The race to the bottoms begins and you are part of the problem
At this moment it seems very obvious that app subscriptions will increase the cost per app. This is only natural, because as of today, users don’t have to rent that many apps: They are willing to pay more at this point of time for their selected (few) favorites. On the Mac, there are only a couple of apps you have to rent. Therefore, the cost of renting one or two apps is no big deal. But as more and more developers switch to this model, and as the monthly cost increases for customers, many users will themselves switch – to different apps.
The market will create opportunities for developers who are willing to work for less money: The race to the bottom will accelerate. This is basic economics in the open market.
Max Seelemann of The Soulmen, developers of Ulysses, wrote the following:
Also, dear fellow developers: Only together can we end the cheap pricing spiral & estimations on the App Stores. Don’t undervalue your work! https://twitter.com/macguru17/status/897050754497884160
Max, I love your app to the death. For two years, I wrote thousands of words with it and considered it the best app for writers to this date. But imagine a developer could put himself in a better position by lowering his price to gain market advantage. What if he is willing to work for a cheaper price and is totally fine with it? Why shouldn’t he do it? There are tons of people who are happy with a humble income.
There is no inherent value to any product. There is only the market, governed by the invisible hand. Everybody can pick any price and see where this is leading his business. Someone could charge $100 per month for an app that’s worse than Ulysses for example. Someone could charge $10 once up-front for a better app, just because he doesn’t need more money, or because he lives in India and is happy about every extra dime. That’s not an ethical issue. It just means somebody is charging less than you, and will attract people who want to pay less. He’s not a bad, bad person; he’s targeting a specific audience. Just because you make less afterwards doesn’t mean that you are entitled to the potential sales you lost. Max is trying to make a ethical argument in a non-ethical space. For example: I could make a point from the consumers perspective.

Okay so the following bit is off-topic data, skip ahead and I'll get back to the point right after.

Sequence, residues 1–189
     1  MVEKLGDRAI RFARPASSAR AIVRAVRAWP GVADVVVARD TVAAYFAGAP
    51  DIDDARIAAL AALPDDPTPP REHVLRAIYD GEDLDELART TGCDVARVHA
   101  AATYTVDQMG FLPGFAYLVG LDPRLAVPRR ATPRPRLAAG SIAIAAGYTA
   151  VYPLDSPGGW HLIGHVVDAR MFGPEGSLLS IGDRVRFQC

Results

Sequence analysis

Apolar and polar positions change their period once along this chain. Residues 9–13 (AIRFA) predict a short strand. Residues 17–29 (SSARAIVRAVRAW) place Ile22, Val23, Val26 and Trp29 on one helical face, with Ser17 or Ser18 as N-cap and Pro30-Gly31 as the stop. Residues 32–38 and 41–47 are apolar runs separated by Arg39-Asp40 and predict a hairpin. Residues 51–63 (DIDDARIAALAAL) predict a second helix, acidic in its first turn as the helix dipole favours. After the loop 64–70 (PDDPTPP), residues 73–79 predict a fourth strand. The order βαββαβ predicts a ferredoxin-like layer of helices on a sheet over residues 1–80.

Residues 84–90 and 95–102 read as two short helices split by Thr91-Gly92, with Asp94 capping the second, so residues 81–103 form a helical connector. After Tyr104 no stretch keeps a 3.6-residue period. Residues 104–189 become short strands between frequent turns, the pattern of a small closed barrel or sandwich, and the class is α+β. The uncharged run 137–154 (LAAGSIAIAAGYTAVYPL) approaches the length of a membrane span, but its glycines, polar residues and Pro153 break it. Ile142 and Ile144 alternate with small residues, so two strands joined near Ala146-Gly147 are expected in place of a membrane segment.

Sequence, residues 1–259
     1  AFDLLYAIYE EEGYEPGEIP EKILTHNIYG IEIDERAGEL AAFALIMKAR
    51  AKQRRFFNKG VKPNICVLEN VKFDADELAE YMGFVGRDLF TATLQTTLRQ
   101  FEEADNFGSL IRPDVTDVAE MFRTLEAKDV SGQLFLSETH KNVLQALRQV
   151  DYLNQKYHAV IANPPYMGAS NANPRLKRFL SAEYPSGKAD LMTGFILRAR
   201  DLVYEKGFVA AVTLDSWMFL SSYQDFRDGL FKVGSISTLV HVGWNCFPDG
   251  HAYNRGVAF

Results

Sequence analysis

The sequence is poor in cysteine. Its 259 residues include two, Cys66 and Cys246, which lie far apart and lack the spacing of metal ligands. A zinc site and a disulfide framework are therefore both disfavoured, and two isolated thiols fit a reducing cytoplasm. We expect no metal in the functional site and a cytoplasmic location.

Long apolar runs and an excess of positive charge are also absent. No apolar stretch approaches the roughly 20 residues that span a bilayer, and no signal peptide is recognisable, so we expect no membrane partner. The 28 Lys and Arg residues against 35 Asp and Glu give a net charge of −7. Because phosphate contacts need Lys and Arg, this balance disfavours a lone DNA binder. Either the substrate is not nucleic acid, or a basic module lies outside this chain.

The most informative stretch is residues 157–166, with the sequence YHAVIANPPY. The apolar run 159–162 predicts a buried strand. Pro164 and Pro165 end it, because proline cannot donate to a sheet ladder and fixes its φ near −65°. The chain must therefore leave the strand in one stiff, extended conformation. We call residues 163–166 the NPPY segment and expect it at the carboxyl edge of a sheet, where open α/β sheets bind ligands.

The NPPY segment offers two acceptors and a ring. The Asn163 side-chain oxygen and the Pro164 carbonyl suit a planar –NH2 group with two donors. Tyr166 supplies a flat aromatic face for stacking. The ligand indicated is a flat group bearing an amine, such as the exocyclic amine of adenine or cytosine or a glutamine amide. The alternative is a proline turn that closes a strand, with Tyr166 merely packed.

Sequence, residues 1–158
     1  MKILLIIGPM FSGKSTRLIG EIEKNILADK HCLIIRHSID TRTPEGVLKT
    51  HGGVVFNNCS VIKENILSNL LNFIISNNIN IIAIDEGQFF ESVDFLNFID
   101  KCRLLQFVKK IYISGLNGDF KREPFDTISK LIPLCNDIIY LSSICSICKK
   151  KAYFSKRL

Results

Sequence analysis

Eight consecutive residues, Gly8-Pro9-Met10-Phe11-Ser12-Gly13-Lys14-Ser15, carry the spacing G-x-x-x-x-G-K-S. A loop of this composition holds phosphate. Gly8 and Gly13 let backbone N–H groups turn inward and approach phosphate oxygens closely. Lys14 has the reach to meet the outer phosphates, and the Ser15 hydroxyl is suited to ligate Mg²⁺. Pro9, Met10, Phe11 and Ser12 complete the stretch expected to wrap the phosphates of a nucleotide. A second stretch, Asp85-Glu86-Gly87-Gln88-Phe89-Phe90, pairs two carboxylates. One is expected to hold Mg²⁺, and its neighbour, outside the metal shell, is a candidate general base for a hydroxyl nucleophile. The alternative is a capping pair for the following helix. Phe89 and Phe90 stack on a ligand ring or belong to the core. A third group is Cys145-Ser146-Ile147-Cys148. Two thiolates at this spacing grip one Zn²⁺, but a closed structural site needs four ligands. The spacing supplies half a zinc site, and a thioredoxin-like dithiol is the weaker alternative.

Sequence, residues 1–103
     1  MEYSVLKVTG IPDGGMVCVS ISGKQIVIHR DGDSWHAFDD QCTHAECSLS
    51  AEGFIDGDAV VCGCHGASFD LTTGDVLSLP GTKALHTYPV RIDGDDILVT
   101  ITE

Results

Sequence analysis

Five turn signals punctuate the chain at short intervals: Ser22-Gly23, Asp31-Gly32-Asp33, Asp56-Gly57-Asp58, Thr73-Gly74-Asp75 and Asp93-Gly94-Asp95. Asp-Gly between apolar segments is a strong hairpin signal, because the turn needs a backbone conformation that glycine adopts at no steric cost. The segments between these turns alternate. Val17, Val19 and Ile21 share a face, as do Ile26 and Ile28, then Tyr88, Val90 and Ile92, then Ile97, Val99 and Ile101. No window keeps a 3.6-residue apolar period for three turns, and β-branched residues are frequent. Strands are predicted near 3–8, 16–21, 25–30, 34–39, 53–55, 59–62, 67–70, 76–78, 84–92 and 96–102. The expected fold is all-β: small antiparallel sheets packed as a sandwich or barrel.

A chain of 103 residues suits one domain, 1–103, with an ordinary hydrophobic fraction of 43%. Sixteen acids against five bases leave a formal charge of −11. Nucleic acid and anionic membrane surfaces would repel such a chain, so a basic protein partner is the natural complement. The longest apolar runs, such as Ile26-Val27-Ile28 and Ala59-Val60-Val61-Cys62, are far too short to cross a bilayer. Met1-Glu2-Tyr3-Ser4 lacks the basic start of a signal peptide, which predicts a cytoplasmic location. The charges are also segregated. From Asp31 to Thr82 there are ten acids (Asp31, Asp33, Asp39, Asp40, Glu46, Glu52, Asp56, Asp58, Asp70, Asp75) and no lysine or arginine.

The cheaper the price the more people you can help. Go as low as you can afford to.
Both view points are valuable depending on the perspective. But one thing is for sure: The race to the bottom has begun and will turn high speed. Meanwhile, Apple is guiding it with pretty impressive tactics.
Apple is incentivizing the developers to change to a subscription-based model. After a year for each subscriber, Apple’s cut decreases from 30% to 15%. Paid-up-front apps always suffer the 30% cut. They have a clear interest that the developers change to the subscription model.
Why? We don’t know. I personally believe it is about controlling the developers and outsourcing work while still having a big piece of the pie. Christian and I talked about the rationale behind the App Store: Great Developers make Apple’s iOS and Mac platforms more attractive because of the variety of available apps. But if you are a truly independent developer, Apple doesn’t see a dime from your efforts. Like in the days before the App Store, where people sold their software independently. And like quite few of developers do again, ditching the Mac App Store. Therefore, they trick you into slavery via the attractiveness of the App Store. The caveat: 30% of your revenue is taken away. This kills two birds with one stone. Apple gets control over developers through their guidelines and gets a buttload of money for which they have to do virtually no work.
Today, the App Store is the way to go to distribute your apps. With the incentive to change to a subscription model they are streamlining their revenue. They also guide the race to bottom. With the expectation of getting 15% more revenue if you can hold your subscribers for longer than a year, you can calculate more tightly. iOS and Mac get better and cheaper apps for their platform. If you don’t race along and keep your prices up, Apple will be just fine since they will still get their share of your money.